By The Hill Staff - 11/15/06 12:00 AM EST
No strangers to political flame-throwing, former House Majority Leaders Dick Armey, a Republican, and Richard Gephardt, a Democrat, now preach the gospel of bipartisanship.
Both became consultants at DLA Piper after their long service in the House. In that role, Armey and Gephardt have been among the featured performers in a one-city, two-show tour of pre- and post-election analysis sponsored by their firm.
The two still feel differently about the outcome last Tuesday, when Democrats swept to majorities in the House and Senate. Armey, for example, began his talk with a heavy sigh.
But they agree that it will be the party that effectuates the best policy by legislating from the center rather than from the base that will return as the majority in 2008.
“Everyone on both sides of the aisle has to do some real deep thinking,” said Armey, who in the previous luncheon allowed something he said he couldn’t admit to when he was in Congress: He and Gephardt are friends.
In that previous luncheon, Armey questioned his party’s congressional leadership for dealing with issues such as gay marriage that were of “questionable validity.”
Keeping the base happy without allowing it to dictate policy will be a key for Democrats, he said.
“How do you manage what may seem to be uncompromising demands of your base?” Armey said. “I’m not sure that either party has done a very good job of it.”
He criticized Republicans, for example, for rejecting a broader immigration bill even though the Bush White House backed it.
“Who in the world would have said … ‘Let’s see what is the fastest growing demographic today and see what we can do to offend them?’”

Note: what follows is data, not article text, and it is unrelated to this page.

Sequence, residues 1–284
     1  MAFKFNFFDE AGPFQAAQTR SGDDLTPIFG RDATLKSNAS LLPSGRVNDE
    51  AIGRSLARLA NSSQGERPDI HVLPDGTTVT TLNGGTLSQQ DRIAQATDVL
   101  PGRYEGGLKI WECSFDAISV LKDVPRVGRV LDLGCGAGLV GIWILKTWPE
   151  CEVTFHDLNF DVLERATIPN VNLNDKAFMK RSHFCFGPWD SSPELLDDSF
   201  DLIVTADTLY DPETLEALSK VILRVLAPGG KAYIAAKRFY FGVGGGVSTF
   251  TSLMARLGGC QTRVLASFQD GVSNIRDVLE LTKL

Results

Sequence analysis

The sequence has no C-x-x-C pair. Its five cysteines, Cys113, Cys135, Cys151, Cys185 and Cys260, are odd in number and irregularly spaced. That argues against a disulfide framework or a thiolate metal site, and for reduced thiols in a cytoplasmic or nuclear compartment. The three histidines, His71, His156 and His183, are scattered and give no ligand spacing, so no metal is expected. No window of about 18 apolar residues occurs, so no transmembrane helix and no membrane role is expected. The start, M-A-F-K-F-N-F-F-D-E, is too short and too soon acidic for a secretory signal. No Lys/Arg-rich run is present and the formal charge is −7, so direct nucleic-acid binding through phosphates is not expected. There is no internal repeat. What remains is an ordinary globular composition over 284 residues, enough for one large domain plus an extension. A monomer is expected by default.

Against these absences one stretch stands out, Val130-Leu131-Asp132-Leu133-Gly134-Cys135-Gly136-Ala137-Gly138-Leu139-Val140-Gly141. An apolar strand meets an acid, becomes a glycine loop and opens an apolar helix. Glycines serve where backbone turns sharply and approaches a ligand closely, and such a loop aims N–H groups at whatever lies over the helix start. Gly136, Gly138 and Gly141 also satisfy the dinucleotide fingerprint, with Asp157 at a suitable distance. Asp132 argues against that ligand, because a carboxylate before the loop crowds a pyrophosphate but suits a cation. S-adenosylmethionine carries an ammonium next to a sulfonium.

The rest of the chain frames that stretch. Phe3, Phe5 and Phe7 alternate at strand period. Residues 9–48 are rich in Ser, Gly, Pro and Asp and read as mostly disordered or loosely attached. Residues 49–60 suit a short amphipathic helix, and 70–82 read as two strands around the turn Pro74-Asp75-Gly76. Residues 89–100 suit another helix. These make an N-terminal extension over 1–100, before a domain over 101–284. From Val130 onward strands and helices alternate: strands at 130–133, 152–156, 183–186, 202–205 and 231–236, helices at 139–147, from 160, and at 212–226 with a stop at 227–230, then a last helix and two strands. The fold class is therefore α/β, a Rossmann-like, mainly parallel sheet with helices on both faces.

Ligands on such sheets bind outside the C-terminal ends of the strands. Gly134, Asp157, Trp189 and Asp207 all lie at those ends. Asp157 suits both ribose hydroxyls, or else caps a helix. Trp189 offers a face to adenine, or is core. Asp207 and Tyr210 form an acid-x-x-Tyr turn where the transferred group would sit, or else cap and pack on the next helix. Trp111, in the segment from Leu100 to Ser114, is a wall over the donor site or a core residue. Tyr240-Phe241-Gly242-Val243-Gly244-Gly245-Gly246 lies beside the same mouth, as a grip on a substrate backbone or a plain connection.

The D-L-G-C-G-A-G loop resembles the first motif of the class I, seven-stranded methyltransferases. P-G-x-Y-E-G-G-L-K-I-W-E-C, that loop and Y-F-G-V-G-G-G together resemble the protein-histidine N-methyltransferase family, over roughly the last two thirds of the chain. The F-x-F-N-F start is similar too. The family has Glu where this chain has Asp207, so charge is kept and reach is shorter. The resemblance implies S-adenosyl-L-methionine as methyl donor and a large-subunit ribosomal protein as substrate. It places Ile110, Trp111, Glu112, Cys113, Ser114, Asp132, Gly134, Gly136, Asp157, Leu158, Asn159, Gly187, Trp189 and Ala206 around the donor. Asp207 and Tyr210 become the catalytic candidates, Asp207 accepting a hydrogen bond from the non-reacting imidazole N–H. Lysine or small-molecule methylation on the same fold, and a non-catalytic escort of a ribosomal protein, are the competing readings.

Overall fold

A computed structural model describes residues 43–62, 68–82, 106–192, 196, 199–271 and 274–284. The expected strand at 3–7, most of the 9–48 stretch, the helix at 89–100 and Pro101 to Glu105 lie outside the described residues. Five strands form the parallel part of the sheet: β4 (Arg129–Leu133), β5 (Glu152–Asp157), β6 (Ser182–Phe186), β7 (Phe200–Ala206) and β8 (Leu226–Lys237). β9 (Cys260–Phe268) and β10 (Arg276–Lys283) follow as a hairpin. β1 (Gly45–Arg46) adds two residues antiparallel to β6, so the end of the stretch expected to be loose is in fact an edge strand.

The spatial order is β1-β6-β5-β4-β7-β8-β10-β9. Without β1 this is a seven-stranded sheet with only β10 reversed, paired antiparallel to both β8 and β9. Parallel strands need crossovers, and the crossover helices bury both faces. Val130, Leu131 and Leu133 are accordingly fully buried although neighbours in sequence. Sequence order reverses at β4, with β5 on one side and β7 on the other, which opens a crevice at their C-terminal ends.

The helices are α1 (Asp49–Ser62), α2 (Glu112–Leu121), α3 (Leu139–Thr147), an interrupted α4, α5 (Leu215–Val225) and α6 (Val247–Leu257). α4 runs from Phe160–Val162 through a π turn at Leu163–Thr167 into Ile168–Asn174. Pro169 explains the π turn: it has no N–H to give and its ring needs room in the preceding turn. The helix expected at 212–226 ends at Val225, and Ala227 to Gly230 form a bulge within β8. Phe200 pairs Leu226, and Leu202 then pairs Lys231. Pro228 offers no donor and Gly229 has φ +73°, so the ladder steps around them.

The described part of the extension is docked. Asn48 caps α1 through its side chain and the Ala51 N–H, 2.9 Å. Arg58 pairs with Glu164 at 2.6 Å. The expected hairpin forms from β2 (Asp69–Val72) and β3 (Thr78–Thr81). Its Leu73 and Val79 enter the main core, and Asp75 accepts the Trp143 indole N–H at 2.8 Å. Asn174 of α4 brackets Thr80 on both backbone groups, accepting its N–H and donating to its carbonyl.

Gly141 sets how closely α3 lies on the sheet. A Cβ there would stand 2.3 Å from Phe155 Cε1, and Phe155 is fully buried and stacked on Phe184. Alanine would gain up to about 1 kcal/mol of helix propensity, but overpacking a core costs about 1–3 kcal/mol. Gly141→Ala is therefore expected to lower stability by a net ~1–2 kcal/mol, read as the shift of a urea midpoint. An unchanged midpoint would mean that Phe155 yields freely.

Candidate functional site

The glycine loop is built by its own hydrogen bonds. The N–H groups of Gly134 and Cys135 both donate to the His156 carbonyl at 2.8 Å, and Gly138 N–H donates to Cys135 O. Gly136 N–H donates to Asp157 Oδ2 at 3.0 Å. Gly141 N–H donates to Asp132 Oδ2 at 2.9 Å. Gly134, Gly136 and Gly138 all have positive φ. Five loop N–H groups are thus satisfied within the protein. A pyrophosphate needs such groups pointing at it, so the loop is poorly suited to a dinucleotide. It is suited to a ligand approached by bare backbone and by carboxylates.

Exit polling showed Hispanics voted overwhelmingly in favor of Democrats in the recent election, negating gains President Bush had made during his own runs for office.
Armey’s group, Freedom Works, supports the comprehensive immigration reform advocated by the Bush administration.
Gephardt said the test for members after the election is what lessons they take away from it. And lesson No. 1, according to the former House majority leader, is that voters are tired of the “bitterness and the polarization” of American politics.
He said some members, whom he didn’t name, have told him they regretted having run because of the vitriol they were subjected to in negative ads that dominated races across the country.
Gephardt also agreed that immigration would be one of the Democrats’ top priorities, although it doesn’t show up on the short to-do list of Democratic Party leaders as of yet.
Immigration reform should be followed by a minimum-wage hike, and implementation of the 9-11 Commission recommendations, he said.
But he cautioned that his party may find it difficult to manage its liberal base and its more moderate members, whose numbers will grow as a result of the election victories of a number of centrist and conservative Democrats.
That tension could be most readily seen in the direction the party takes on the war in Iraq. “Do not underestimate the difficulty going forward of getting a consensus in Congress and the country about what to do in Iraq,” Gephardt warned.
To Democrats who want to pay back Republicans for what they perceived as unfair treatment, Gephardt cautioned: “I think that is a prescription to lose in two years, not a prescription to win.”
There was some suggestion of lingering partisanship. Asked whether Speaker-to-be Nancy Pelosi (D-Calif.) made the right choice in publicly declaring her support for Rep. John Murtha (D-Pa.) in his battle with current Minority Whip Steny Hoyer (D-Md.) in the race for House majority leader, Armey joked that he was delighted with the move, presumably because it showed fractures within the Democratic Caucus. Armey called Pelosi’s move “inexplicable” and “ a serious misstep.”
Gephardt said, though, that loyalty was important in politics. But he allowed that “You don’t like to have division when you go into a new Congress.”